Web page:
But just to prove that the Sony mirrorless line had arrived, the DSLR heavy hitters Nikon and Canon rolled out full-frame mirrorless cameras with their own new mounts. And this proves the point because this was the only way for Nikon and Canon to prevent their users from jumping ship. It is now possible to get all the advantages that mirrorless provides like an electronic viewfinder that works in any light level from pitch black to direct sun without sacrificing the advantages that DSLRs provided, like excellent autofocus and professional lenses. You might think this competition from Nikon and Canon would bother me. A Sony fanboy would fear the competition from its rivals would harm his brand. But in actuality, it will force Sony to step up their game. For instance, I foresee Sony improving the weather-sealing on their A9 level cameras to compete head to head with the mirrorless cameras that their competitors make. But by the same token Nikon and Canon are going to have to provide sensors at Sony’s level even in more modest cameras.
And finally, this new situation takes away the biggest detraction that Nikon and Canon used in the past, that the only real cameras were DSLRs. Without a doubt they were the ones who blinked first in this staring contest. Sony no longer has to prove mirrorless is better. Canon and Nikon just did. So, here’s my prediction. In ten years, there won’t be a single new full frame DSLR camera to be bought. I would have said five years but as in everything else I am conservative.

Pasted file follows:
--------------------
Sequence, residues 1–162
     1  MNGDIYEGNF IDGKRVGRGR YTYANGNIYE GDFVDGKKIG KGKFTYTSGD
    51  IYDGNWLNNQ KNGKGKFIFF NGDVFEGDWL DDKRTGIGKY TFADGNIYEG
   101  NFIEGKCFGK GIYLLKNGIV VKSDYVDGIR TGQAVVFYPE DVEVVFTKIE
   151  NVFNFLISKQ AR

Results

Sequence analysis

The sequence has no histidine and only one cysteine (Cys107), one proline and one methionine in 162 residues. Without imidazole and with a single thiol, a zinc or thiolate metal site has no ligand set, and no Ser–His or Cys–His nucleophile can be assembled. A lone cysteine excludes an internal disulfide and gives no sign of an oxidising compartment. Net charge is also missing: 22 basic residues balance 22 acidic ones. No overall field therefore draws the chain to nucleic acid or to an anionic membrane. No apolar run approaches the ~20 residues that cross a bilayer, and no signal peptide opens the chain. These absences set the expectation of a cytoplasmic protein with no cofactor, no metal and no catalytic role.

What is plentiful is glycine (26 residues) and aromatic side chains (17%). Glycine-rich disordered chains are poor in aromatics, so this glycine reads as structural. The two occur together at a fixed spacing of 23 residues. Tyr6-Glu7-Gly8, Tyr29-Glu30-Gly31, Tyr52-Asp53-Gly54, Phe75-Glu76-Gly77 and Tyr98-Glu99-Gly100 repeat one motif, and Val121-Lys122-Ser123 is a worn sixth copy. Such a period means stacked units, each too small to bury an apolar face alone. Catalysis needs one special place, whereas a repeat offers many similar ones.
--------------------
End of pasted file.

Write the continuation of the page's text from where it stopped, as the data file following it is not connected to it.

Photographing hummingbirds is a truly exasperating practice. The combination of short exposure time (a thousandth of a second or less), difficult autofocus target and flighty behavior means you may be waiting for hours for a shot that will only last for seconds. Anyway I had some success with the Sony 90mm macro. When I buy this lens soon I’ll do some more and try to develop some technique.
This post is only for the long suffering Sony A-mount users. You know who you are. You bought the A900 or the A850 and you were looking forward to Sony re-issuing all those great Minolta lenses and competing head to head with the Nikon D3S. You saw nothing but upside from a technology powerhouse like Sony improving the DSLR. And then they pulled the rug out from under you. Translucent mirrors that lost a half stop of light. LED viewfinders that lagged by a second or two when you triggered the shutter. And then the true mirrorless camera with contrast detect autofocus that didn’t focus. The NEX series that was unbelievably small but suffering from all these problems. And then the A7 cameras. Series one then series two. Painstaking progress. Slowly the potential of the mirrorless becoming real but always something still missing. And then the A9 the camera that had all the pieces! And a $4,500 price tag!
But now, the A7 III. Oh my brothers I just must joyously exclaim. It is a real camera made by Sony. Hallelujah, hallelujah, halleleujah. The joy of picking a point in the viewfinder, half-pressing